Greater Manchester Housing Fund to help deliver more truly affordable housing
Greater Manchester’s Housing Lead, Mayor Paul Dennett, has called for surplus cash from the city-region’s Housing Investment Fund to be put towards delivering more truly affordable housing.
The Fund, which was part of Greater Manchester’s ground-breaking devolution package, could also be used to create another pot to buy out rogue landlords who are operating poor or unfit private rental properties.
The Salford Mayor’s proposal will go before Greater Manchester Leaders at the final Combined Authority meeting of the year on December 14 in Bolton.
This development comes as the Greater Manchester Combined Authority (GMCA) moves closer to publishing its new Housing Strategy in the New Year. The emerging strategy is expected to focus on a number of affordable housing themes and these could be supported with surpluses from the Housing Investment Fund.
In Greater Manchester, the number of truly affordable social homes has declined while homelessness and rough sleeping has sharply increased over recent years. The impact of Right to Buy, affordable rent conversions, regeneration activities and market sales of social housing have contributed to a decline of the housing sector.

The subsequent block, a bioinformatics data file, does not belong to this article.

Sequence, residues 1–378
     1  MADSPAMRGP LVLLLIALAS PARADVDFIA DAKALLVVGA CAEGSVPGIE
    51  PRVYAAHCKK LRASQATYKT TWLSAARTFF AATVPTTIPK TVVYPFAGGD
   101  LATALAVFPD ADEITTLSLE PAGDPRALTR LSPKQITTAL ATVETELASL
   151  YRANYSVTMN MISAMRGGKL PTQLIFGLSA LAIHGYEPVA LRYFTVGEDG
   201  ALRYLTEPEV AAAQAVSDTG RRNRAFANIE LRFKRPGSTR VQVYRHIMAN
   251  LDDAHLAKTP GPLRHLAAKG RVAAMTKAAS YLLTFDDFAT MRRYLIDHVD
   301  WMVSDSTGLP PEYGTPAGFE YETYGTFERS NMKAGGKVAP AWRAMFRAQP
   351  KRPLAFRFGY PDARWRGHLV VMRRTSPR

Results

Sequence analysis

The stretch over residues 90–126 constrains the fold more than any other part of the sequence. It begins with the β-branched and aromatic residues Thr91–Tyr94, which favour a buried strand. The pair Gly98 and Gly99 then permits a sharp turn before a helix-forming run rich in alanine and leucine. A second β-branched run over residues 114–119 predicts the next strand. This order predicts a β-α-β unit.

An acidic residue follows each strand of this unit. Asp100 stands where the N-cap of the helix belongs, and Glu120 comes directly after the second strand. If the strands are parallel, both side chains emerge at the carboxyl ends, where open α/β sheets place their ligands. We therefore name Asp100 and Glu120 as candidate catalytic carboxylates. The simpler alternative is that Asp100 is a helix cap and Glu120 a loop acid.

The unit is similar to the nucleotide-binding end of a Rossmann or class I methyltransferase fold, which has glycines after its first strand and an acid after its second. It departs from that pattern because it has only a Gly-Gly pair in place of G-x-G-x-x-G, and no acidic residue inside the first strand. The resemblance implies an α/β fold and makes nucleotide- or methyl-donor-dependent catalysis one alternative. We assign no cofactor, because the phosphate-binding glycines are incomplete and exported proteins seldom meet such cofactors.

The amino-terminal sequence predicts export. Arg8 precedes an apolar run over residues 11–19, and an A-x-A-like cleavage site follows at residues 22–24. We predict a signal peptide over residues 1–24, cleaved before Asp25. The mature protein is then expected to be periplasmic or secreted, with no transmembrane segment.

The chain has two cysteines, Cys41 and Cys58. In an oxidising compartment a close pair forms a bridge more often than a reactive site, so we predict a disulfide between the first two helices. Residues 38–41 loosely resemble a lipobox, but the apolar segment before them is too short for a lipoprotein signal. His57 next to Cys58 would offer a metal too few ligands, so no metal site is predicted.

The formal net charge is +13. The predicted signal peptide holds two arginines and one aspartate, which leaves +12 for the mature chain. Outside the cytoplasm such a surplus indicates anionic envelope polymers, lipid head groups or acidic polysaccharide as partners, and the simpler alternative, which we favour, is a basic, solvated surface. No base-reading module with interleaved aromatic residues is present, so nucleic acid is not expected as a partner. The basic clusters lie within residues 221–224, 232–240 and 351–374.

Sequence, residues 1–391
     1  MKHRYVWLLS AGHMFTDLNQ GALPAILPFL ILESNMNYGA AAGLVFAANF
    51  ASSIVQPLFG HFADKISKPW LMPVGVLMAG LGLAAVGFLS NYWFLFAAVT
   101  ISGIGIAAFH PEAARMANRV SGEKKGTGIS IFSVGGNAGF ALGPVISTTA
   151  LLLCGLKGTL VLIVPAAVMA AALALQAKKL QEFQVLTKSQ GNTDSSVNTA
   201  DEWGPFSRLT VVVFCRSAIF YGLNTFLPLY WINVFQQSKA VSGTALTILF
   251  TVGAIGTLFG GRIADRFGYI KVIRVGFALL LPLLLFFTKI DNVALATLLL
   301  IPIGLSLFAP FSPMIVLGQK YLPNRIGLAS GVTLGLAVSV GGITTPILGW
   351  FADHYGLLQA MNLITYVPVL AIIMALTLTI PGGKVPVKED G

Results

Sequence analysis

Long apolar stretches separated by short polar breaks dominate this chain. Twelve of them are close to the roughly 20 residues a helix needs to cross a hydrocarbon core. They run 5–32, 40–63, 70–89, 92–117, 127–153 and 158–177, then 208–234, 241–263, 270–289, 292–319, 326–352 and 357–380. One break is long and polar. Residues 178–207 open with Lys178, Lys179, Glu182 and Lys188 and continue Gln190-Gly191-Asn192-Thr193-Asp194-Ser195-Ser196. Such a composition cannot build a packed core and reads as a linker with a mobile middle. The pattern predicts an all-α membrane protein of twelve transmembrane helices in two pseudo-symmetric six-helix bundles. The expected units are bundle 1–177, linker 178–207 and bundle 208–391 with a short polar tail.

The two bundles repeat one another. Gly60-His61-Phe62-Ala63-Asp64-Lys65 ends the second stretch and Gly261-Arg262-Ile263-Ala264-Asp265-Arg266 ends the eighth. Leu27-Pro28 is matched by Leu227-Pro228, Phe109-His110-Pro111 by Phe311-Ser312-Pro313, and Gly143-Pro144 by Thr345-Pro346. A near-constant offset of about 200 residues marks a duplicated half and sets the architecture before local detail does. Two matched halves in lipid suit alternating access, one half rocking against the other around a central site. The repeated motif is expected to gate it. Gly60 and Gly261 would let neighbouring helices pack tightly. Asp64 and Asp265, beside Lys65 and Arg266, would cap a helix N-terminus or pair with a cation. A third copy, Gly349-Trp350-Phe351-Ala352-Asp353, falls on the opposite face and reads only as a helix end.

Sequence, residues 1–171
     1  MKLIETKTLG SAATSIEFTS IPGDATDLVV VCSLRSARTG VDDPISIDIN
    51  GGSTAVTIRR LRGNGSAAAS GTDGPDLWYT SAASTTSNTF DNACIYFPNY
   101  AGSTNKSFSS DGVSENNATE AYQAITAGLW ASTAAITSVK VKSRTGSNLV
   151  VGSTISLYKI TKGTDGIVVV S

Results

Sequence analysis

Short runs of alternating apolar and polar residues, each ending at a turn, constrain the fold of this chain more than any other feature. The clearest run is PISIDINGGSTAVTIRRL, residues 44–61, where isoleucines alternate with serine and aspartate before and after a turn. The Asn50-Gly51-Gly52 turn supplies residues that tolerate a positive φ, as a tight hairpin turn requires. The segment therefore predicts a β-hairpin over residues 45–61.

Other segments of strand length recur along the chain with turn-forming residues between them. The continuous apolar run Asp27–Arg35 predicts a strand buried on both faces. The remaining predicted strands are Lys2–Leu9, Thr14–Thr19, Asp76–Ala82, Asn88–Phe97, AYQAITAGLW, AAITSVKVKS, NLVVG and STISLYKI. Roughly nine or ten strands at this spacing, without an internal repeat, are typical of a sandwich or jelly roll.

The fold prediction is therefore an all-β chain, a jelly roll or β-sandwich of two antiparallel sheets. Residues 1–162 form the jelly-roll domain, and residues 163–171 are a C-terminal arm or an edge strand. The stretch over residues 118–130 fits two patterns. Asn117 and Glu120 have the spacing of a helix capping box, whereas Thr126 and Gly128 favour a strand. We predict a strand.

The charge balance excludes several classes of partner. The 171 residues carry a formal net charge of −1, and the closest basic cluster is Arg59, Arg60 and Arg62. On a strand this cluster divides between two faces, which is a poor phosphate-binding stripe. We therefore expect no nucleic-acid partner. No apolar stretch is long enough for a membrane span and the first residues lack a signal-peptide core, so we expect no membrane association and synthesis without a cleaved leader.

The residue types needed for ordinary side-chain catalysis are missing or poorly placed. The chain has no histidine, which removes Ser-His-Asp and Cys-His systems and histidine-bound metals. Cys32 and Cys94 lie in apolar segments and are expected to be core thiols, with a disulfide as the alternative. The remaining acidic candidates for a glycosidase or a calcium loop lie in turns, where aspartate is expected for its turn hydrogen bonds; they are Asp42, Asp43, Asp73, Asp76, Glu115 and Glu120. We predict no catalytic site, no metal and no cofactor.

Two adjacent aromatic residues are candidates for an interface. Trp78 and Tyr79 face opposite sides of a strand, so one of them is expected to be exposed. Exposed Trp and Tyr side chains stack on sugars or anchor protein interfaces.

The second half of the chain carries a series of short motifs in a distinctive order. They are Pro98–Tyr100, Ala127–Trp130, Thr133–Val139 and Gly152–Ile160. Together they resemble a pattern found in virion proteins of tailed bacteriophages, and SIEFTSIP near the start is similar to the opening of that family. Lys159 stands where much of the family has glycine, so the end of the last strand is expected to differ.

Greater Manchester has lost 92,612 homes to Right to Buy since 1980 and 14,933 homes, around six per cent of the city-region’s total social housing stock, is now let at up to 80 per cent of market rents which is not affordable for many. In many cases this is exacerbating poverty, household and personal debt and insecurity.
Since 2012/13, there are 13,203 fewer social rented homes across the city-region, a loss of more than five per cent. In addition, a third of the private rented sector in Greater Manchester is estimated to be non-decent and across the city-region there are around 86,000 households on the housing register, waiting for a council or social home.
The Salford Mayor’s announcement also comes in the week where official figures showed that just 0.7% of all homes built last year were Government-funded homes for social rent, representing 1,400 homes of a total of 195,000 - down from 37,000 in 2010/11.
Greater Manchester’s Portfolio Lead for Housing, Homelessness and Infrastructure, Paul Dennett said: “We need to take action now to ensure there are more quality homes in Greater Manchester that are affordable for everyone.
“Greater Manchester has 13,203 fewer social rented homes than in 2012/13, 14,933 homes now let at up to 80 per cent of market rent and we’ve lost 92,612 homes to Right to Buy since 1980. Each one of these issues has contributed towards over 85,639 households now being on Greater Manchester’s housing registers.
“It is right that we now take the surplus funds that are coming back to us from successful loans made by the Greater Manchester Housing Investment Fund and put them towards helping those who are in desperate need of a decent, affordable home.
“If approved by Leaders, we will also work up firm plans to create a fund that will buy out rogue landlords who are renting out substandard properties. This will send a clear message that Greater Manchester is a place where rogue landlords are not welcome.
“I hope Leaders will agree with me that this is an important step as we move closer to unveiling the bold new Greater Manchester Housing Strategy.”
Article Published: 14/12/2018 14:55 PM